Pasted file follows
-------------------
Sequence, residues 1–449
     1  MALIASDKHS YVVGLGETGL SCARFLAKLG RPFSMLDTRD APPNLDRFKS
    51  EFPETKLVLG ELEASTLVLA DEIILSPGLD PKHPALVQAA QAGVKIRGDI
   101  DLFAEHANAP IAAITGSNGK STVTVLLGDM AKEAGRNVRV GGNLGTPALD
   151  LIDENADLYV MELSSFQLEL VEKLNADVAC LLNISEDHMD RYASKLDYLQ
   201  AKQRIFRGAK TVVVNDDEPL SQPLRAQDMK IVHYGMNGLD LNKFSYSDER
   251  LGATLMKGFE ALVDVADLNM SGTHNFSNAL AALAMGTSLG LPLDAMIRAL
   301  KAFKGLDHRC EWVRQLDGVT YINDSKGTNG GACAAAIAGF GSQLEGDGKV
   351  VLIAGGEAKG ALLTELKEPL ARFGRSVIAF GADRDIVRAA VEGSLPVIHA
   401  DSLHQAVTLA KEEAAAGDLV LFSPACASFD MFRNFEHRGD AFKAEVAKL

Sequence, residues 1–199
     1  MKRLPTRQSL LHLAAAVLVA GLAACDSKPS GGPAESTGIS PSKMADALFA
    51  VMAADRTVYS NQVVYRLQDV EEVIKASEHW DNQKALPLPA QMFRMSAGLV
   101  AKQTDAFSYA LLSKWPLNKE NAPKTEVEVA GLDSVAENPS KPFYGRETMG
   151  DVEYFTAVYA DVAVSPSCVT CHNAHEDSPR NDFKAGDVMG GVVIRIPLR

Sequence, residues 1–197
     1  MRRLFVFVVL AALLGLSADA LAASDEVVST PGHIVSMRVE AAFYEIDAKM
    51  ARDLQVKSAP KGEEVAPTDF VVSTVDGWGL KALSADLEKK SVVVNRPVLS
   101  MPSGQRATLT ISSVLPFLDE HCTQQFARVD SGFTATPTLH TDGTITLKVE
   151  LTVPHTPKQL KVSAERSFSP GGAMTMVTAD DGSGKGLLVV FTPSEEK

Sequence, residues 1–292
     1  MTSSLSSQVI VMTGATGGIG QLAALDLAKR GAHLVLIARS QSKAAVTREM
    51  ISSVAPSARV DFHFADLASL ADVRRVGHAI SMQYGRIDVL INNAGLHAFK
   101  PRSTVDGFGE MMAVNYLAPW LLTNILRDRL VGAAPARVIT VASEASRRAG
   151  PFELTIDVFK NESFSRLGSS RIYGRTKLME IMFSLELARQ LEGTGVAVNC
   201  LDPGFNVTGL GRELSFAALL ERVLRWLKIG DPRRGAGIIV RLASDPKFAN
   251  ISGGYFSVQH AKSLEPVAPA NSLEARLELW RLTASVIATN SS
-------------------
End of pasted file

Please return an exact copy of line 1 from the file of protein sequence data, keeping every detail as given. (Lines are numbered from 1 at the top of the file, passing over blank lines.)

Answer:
Sequence, residues 1–449